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Kiefel now refers to nonbinary transitions as "Frankenstein surgery" and identifies as a woman. Kiefel understands that she will have to live with the effects of the operation for the rest of her life, despite how she currently feels.

Camille Kiefel, who identified as nonbinary in the past, is suing the medical group that authorized her mastectomy in 2020. According to the Washington Examiner, Kiefel is suing mental health counselor Mara Burmeister, social worker Amy Ruff, and their businesses for recommending the treatment after just two Zoom-based counseling sessions. Kiefel is now asking for $850,000 in compensation.


In her case, Kiefel claims that without adequately evaluating her mental condition, the defendants subjected her to “unnecessary, irreparable therapy.” She allegedly has attention deficit/hyperactivity disorder, severe depressive disorder, post-traumatic stress disorder, social anxiety disorder, and anxiety disorder. She reportedly experienced difficulties after surgery, including difficulty swallowing, dilated pupils, and scopolamine overdose from a subpar nausea medication. Gender identification was not a major worry for Kiefel as a young child, according to the New York Post. But when she started sixth grade, her best friend was raped, and she started to think about it. Her father also gave her some well-intended counsel, but it appeared to backfire more often than not. Kiefel started wearing more boyish after that.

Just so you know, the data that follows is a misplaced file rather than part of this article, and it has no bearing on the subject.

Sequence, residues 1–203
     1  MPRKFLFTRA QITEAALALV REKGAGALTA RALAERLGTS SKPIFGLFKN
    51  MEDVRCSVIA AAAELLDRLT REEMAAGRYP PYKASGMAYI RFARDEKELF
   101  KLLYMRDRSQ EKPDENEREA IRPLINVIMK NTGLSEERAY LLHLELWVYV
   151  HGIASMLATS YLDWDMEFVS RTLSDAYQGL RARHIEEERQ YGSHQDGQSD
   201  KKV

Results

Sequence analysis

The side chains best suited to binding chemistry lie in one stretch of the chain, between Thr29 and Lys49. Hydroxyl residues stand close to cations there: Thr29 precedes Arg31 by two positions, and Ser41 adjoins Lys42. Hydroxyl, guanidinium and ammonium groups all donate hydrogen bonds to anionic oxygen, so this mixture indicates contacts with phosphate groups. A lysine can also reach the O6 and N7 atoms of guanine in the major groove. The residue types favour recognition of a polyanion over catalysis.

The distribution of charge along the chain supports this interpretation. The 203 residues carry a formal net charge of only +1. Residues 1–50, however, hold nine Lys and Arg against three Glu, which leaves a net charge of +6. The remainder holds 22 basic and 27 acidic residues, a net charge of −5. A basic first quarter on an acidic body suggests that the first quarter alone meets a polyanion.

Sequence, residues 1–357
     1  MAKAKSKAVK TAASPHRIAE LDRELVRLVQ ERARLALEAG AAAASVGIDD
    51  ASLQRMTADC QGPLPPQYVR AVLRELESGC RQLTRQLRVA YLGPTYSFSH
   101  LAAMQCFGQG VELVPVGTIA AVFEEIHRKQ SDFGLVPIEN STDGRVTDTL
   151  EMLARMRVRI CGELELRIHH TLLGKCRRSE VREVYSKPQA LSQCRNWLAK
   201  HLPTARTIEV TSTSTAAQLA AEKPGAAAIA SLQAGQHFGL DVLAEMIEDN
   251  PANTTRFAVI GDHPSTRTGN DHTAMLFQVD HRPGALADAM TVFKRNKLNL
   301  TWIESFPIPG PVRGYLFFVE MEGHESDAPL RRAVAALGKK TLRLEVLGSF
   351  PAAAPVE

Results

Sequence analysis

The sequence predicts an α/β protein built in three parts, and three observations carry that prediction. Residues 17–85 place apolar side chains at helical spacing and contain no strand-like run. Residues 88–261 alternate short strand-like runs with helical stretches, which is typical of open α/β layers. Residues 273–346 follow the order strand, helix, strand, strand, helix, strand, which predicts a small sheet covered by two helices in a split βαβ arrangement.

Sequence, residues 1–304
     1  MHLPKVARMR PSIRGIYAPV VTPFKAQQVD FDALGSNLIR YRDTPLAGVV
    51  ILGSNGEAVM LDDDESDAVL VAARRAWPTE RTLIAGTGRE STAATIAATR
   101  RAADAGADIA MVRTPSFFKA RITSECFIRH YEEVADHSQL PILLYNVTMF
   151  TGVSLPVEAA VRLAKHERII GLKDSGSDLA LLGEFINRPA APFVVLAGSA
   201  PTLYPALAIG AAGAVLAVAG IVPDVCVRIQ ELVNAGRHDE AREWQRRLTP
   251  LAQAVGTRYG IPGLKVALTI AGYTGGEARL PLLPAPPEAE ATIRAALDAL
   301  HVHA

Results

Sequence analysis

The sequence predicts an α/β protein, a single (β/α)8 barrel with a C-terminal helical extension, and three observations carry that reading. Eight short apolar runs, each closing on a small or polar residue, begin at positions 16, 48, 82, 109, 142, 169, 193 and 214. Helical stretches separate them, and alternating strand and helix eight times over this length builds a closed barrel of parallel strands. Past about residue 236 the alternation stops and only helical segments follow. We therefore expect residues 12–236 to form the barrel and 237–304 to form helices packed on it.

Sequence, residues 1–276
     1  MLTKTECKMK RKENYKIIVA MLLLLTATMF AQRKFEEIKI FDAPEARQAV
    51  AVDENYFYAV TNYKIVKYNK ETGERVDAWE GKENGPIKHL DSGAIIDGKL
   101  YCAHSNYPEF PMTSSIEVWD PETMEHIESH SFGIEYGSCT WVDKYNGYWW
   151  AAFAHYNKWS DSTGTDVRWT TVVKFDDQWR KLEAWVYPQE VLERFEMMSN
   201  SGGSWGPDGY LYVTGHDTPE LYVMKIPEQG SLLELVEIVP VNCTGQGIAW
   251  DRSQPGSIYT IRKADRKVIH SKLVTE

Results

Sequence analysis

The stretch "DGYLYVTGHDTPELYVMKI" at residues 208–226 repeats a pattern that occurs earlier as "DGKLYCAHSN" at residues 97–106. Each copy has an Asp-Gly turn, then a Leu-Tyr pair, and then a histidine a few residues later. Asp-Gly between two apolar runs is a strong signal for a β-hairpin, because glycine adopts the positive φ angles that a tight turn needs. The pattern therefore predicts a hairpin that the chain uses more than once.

In addition to learning about nonbinary terms and alternative pronouns, Kiefel minored in gender studies at Portland State University. She believed that having the top surgery by the year 2020 would reduce her worries. The New York Post reports that Kiefel had two consultations with her doctors, one in May and one in June. The two sessions took place on Zoom and lasted around an hour. Before having a mastectomy on August 28, 2020, she had never seen a doctor or expert in person. Kiefel claims that when she started having problems following her operation, physicians stopped taking her seriously. Finally, she was left on her own. She also remembers not being really pleased with her outcomes at the time. Kiefel now refers to nonbinary transitions as “Frankenstein surgery” and identifies as a woman. Kiefel understands that she will have to live with the effects of the operation for the rest of her life despite how she currently feels. Since many people “who should not be undergoing these operations” do, she hopes that her lawsuit will raise awareness of the problem.Unaddressed health problems exist on a deeper level. I and other others are sliding between the gaps. – Steve Sijenyi



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